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Post By
The Mandarin

Member Since: Sat May 17, 2008
Posts: 7,072
In Reply To
Late Great Donald Blake 

Member Since: Sat May 17, 2008
Posts: 7,511
Subj: Re: Yes basically that's it, and we should be realistic.
Posted: Sat Jan 08, 2022 at 09:07:16 pm EST (Viewed 274 times)
Reply Subj: Yes basically that's it, and we should be realistic.
Posted: Sat Jan 08, 2022 at 08:12:17 pm EST (Viewed 275 times)

Previous Post

Specifically realistic about how parts of the liberal cultural are laundering what would otherwise be seen as profound corporate overreach and the obscene privatization of public institutions (or the private replacement of public institutions,) by Twitter, Facebook, Amazon, Google, etc. because it's being used primarily (as of yet) against their political enemies like Trump and antivaxxers and so on.

TLDR version: capitalism gradually causes all the soft power to be gradually accumulated by corporations. This soft power allows them to squelch free speech and most other rights without technically making them illegal.

LGDB:  Yes basically.  I'm on the fence about whether capitalism itself would need to be overcome entirely before fighting for reformist measures in the mean time like breaking up massive monopolist companies.  I don't think those have to be a one or the other sort of thing though.  And I think it's a silly position to say until the revolution there's nothing worth trying to change.  In fact, I think quite the opposite.  Not that you're saying this, I just mention it because I think it's a naturally emerging question.

Are you familiar with the Iron Law of Oligarchy?

LGDB:  Yes, but there's a few things to mention here.  One is that a tendency doesn't equal inevitability, so even if organizations have a tendency to centralize power (as capital has a tendency towards concentration) or a tendency to form insular rulership classes  it doesn't mean that a political situation can't exist that resists this tendency.  We don't want to go so far as to say well there's always a temptation for government officials to become corrupted, let's then not have government officials, what say you?

And secondly, the person that coined this term and developed this theory was Robert Michels (I had to look up his name on Wikipedia), a man who literally joined the Italian fascists, and he would have plenty of reasons to want to delegitimize the attempt of democratically composed socialist government.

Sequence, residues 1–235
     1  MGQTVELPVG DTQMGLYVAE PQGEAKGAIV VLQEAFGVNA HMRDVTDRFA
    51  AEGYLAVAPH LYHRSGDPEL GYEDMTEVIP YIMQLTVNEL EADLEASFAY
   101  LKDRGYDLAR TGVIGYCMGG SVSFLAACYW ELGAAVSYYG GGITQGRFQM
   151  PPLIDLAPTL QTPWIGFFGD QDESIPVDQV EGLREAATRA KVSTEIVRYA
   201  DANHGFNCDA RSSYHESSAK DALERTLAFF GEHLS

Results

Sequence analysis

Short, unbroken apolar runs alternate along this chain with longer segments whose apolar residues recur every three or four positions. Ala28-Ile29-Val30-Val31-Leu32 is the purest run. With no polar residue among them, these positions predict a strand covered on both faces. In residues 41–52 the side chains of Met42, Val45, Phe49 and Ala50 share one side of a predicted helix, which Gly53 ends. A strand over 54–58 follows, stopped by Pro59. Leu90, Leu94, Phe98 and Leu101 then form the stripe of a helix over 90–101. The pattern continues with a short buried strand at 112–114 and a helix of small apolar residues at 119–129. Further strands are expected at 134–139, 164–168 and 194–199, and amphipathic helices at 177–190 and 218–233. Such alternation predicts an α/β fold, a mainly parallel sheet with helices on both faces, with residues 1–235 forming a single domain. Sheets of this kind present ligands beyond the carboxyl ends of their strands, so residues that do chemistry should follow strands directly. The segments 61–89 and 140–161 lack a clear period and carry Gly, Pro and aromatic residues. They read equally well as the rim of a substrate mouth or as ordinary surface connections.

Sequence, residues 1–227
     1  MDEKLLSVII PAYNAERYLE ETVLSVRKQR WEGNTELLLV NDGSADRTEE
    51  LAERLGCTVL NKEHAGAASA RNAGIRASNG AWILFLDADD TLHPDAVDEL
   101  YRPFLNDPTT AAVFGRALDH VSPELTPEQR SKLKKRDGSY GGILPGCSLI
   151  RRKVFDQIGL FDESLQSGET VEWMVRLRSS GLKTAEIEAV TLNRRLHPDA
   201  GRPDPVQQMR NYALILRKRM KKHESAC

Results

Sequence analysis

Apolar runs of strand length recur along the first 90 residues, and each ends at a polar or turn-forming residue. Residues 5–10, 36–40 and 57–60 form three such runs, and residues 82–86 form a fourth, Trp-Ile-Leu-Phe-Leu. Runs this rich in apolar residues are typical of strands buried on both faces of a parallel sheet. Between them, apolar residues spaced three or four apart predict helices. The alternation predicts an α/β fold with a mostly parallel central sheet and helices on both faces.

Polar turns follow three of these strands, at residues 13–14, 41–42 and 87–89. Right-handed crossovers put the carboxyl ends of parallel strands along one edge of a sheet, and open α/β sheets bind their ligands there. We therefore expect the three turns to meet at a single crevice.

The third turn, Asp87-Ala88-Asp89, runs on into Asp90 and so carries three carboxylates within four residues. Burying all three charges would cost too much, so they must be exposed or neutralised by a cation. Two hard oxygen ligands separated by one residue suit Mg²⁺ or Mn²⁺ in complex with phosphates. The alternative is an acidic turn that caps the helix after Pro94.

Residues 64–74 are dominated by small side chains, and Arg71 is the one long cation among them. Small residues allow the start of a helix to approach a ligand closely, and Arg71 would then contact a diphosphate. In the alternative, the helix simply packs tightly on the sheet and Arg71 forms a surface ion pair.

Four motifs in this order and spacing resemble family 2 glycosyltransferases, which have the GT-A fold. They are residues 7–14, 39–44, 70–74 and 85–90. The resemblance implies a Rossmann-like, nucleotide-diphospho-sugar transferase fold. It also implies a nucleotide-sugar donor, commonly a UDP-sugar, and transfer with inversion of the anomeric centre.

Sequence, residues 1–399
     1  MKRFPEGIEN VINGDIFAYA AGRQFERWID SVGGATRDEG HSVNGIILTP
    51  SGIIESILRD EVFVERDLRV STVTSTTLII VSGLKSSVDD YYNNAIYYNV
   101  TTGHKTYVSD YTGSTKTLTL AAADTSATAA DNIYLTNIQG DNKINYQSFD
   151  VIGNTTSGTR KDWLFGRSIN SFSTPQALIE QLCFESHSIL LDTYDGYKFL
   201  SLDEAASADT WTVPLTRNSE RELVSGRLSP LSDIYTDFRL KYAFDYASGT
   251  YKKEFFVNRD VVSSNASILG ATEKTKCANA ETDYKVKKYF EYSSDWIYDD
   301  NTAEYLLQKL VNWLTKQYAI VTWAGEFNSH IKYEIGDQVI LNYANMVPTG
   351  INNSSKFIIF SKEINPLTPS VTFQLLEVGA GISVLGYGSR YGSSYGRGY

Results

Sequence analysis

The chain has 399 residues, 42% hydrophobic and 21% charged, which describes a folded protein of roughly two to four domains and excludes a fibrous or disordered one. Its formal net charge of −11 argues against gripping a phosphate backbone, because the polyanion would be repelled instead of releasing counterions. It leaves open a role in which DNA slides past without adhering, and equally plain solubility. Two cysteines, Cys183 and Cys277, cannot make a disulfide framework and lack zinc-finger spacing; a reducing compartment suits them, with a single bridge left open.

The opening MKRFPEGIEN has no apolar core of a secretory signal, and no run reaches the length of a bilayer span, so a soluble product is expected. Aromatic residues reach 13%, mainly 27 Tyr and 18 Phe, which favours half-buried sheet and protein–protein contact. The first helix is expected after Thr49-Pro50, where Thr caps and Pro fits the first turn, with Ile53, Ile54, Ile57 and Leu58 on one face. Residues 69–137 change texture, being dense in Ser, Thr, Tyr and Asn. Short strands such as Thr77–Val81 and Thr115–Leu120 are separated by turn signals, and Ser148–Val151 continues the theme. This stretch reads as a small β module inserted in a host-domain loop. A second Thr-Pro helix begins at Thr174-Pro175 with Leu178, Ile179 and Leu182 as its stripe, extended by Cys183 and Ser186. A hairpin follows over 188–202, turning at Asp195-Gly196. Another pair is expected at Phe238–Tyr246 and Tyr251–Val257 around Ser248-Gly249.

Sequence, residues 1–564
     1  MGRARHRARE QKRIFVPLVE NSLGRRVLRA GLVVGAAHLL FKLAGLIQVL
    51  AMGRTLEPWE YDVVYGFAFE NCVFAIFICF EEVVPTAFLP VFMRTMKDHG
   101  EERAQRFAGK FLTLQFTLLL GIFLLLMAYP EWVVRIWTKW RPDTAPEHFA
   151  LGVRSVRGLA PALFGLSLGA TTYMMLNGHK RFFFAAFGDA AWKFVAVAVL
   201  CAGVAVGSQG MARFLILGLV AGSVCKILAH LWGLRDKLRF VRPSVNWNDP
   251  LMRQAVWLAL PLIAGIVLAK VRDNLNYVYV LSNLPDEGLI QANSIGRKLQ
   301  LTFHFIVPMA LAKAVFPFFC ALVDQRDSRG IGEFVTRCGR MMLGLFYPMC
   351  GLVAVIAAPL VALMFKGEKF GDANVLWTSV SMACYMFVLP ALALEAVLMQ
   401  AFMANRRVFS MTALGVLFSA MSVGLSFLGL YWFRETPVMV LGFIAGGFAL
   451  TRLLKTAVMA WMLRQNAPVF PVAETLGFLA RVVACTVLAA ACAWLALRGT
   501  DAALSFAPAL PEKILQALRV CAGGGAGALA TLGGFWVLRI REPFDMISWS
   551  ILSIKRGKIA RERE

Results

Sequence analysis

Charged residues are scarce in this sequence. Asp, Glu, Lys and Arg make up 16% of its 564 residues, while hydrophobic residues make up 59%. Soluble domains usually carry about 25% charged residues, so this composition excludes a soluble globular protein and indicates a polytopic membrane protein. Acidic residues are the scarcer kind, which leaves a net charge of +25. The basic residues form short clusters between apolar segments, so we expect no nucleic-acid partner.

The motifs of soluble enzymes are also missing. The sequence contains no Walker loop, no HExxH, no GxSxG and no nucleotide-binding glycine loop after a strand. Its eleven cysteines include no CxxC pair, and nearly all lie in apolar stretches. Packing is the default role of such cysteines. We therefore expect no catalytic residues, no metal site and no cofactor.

But I will say, if we're just taking this at face value, we absolutely should be concerned with the possibility of distinct class formations emerging out of even a post revolutionary situation.  

---the late great Donald Blake

In capitalism, the first winners of the
capitalist race work to shut the door to the top behind them,
favoring their families and golfing buddies, creating monopolies and
oligopolies gradually funneling all the money and soft power to
themselves, and allowing them to bribe politicians to acquire
indirect hard power. They then become feudal lords in all but name.

In communism, those bureaucrats in
charge of distributing the wealth favor their families and golfing
buddies. They then require ever more amounts of policing power to
enforce this disparity, resulting in a constant seesaw where the
goods given to the people get ever smaller, requiring ever more
policing power to prevent a rebellion from resulting, resulting in
even less money getting distributed to the people, requiring even
more money be given to the policing needed to prevent rebellion,
until the country is just a feudal system in which the Feudal Lords
are called bureaucrats.

Ultimately the core problem isn't
capitalism or communism, but tribalism. That is to say, the natural
tendency of human beings to favor their families and friends over the
good of the nation. Fighting against this tendency requires a massive
amount of both careful systemic design, and vigilance.

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